A subtle shift

I ate lunch at Panera today, and there was something new on the menu: calorie counts.

It didn't mess with my head as badly as this prior experience, nor did it rattle me for very long. It annoyed me and upset me a bit, in no small part because I wasn't expecting it.

The calories were listed on the right-hand side of the menu, next to the price. The description of the food was listed on the left. When I was deep in the ED, I would have picked everything out beforehand if I couldn't weasel my way out of the occasion, so I could make absolutely sure I wasn't eating one single calorie more than I had to. I would have asked for the chips (if my meal came with that--it threw people off my trail) and saved them "for later," neatly disposing of them when no one was looking. Early in recovery, I would have made a minimal attempt to ignore the information, and then have found the lowest calorie item and ordered that. I would have gotten the apple or the carrot sticks as a side dish, but I would, in fact, eat these.

I was able to be much more calm and rational. Instead of finding the item with the lowest calories and then deciding if I would order that (as long as I didn't hate anything integral to the dish), I looked at the different dishes and then checked the calories.

In an ideal world, the calorie information would just be numbers, like the metric tons of methane produced by flatulent bovines. "Party facts," my undergraduate advisor called them. But over a decade of an ED means that facts aren't just facts. They're very emotionally charged facts. They're not just numbers, nor are they going to BE just numbers any time in the near future.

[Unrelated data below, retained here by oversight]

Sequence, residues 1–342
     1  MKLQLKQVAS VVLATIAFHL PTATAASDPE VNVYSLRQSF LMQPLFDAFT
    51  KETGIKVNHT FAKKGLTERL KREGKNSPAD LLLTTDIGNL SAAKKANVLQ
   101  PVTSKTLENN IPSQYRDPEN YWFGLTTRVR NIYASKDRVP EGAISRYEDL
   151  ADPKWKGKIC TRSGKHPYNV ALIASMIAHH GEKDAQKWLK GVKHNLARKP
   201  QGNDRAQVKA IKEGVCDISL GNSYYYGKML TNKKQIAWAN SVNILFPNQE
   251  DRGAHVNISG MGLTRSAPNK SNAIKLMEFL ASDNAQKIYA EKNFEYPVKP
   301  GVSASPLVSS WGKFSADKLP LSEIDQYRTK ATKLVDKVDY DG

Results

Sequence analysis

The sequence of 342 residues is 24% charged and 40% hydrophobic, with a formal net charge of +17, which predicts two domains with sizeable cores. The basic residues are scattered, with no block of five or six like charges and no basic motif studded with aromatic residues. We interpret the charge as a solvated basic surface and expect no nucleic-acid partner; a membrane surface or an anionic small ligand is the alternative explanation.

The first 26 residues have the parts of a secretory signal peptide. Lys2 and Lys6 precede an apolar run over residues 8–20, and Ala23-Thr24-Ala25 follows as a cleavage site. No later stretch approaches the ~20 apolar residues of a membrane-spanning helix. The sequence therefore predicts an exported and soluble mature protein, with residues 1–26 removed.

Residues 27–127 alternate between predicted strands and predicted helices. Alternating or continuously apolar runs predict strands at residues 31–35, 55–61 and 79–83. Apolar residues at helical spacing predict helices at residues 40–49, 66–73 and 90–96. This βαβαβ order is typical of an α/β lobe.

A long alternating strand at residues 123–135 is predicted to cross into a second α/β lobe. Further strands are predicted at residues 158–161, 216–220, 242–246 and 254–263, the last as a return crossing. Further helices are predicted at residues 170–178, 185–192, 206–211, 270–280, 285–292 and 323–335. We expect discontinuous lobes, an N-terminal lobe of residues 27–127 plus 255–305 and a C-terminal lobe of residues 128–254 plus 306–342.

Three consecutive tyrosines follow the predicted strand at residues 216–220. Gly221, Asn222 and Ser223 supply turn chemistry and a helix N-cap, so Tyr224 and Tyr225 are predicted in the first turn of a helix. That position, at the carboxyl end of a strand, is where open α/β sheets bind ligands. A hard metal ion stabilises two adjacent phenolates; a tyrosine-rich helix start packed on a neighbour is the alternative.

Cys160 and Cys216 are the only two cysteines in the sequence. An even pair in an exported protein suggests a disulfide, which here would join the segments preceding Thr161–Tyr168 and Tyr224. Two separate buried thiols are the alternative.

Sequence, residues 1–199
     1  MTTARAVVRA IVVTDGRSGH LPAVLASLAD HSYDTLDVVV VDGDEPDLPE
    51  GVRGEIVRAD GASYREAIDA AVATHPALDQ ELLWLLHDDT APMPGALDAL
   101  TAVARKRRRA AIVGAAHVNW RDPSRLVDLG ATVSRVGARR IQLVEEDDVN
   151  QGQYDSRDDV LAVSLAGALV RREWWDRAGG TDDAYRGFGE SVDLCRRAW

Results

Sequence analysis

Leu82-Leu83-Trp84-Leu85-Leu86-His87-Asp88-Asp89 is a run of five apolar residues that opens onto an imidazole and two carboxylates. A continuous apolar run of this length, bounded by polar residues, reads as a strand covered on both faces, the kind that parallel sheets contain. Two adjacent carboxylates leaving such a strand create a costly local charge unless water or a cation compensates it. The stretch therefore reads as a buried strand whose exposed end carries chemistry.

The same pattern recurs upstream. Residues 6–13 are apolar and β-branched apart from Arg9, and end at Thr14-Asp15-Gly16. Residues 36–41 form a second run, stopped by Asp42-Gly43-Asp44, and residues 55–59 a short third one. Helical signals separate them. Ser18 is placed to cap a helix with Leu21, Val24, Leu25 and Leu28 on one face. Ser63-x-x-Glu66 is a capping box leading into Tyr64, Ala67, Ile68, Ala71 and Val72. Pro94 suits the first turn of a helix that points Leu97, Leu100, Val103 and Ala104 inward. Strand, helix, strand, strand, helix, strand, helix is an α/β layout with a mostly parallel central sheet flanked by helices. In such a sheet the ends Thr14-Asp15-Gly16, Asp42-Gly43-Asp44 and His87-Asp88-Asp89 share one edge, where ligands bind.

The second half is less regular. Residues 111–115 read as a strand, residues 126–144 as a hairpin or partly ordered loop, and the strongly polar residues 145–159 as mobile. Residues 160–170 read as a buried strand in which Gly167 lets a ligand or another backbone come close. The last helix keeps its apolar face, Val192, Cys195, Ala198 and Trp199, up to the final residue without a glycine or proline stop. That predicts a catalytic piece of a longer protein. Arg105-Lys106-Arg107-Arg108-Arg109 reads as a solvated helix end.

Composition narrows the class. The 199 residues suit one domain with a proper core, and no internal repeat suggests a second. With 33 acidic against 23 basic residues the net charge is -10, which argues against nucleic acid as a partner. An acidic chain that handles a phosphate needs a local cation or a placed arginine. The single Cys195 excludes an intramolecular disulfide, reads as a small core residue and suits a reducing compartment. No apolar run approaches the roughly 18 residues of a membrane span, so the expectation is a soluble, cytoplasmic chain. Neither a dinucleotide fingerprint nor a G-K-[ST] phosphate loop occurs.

Given that fact, I did the next best thing: I tried to make the (irrelevant) information as small a part of my decision as possible. I did order a yummy entree salad with a hunk o' bread on the side. It fulfilled my meal plan requirements. The number was also within the "acceptable" limits. Was there something else on the menu I might have liked more? Probably. Were the calories a factor? Yep. Were they the only factor? Not really.

The big difference wasn't that I overcame my calorie-counting compulsion* and felt the shackles fall from my ankles. The difference was that I could be much more rational and healthy about my decision-making process. I could focus on what I might want to order AND the calories. Usually the first factor was almost completely ignored. As long as I didn't hate the lowest calorie item, that was what I ordered. I freaked out and all semblance of sanity went out the window. This time, it didn't. This time, I was able to step back for a second, take a deep breath, and do what I needed to do.

*I get obsessive about numbers in general- the OCD and the AN pretty much fed the compulsive counting.

6 comments:

Sarah said...